Kampala Flying into Entebbe, a glance out the window to the left, as the plane looks for the runway, is suddenly breathtaking, as the vast savannahs of Africa meet the blue waters of Lake Victoria. For all of the drama of Entebbe in our memory and imagination from the days of plane hijacks and Idi Amin, walking across the tarmac from the plane to the airport building you are struck by not only the unexpected beauty of the surroundings, the green grasses and tall trees meeting the red dirt, but also the smallness of the airport serving a 1.5 million city not far away in Kampala.
In the same way the relatively new bypass highway in Nairobi had been a surprise, the partially built expressway leading towards the Uganda capital was also another welcome relief for as long as it lasted. We cruised quickly by toll booths, still waiting to clutch their first coins.
The airport was also amazingly orderly despite or perhaps because of its smallness. After a first bit of chaos involving unexpected health forms that had to be completed, we sped through immigration. Coming into the main greeting area whether in Toronto or Mumbai or Nairobi or Mexico City is always a scrum as families crowd around and touts and pickups waive signs at passengers coming through the doors. Not in Kampala. The airport seemed almost empty. A passenger had to go outside and then find the hotel and other drivers with their signs sitting calmly under a tent away from the exit gate.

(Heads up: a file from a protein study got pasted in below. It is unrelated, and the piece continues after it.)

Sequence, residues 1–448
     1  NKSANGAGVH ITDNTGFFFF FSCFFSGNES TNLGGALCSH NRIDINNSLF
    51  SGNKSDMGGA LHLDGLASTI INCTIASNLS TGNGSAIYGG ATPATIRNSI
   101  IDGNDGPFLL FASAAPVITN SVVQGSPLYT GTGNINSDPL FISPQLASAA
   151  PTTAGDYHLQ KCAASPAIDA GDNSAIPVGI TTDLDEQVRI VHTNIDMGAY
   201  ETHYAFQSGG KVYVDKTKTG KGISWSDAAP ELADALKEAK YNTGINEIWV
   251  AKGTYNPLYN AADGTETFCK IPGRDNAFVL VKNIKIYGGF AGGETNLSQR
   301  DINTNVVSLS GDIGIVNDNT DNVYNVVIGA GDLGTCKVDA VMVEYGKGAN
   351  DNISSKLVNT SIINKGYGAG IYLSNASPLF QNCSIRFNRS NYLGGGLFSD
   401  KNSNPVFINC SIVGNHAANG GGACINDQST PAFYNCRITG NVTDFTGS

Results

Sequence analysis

Once in the city, we embrace the real Kampala. My hotel was owned by the Catholic Church somehow and had the clean and plain comforts I associate with former nunneries that have been converted to conference centers without quite making it all the way there. We jumped into a matatu to travel to the city center and then climbed on the back of a moto in order to get the last mile out of the way.
Teeming is the only descriptive word that works here. People in motion on every footpath. Motorcycles, cars, bicycles, and people in a turbid confluence at every street corner and crossing. Matatus, full of scrapes and dents, fat with people crammed into every broken seat, moving like bumper cars into every narrow space to get a bit farther down the road as their hawkers screamed to the street the destination intended and request for the next passenger.
The malls of Nairobi yesterday now seem a distant memory of another time in another planet, as the surging of Kampala, now the fastest growing city in Africa, sweep one along the way with a smile on your face at the quickness and energy while you are desperate to understand what it all means and where it is going.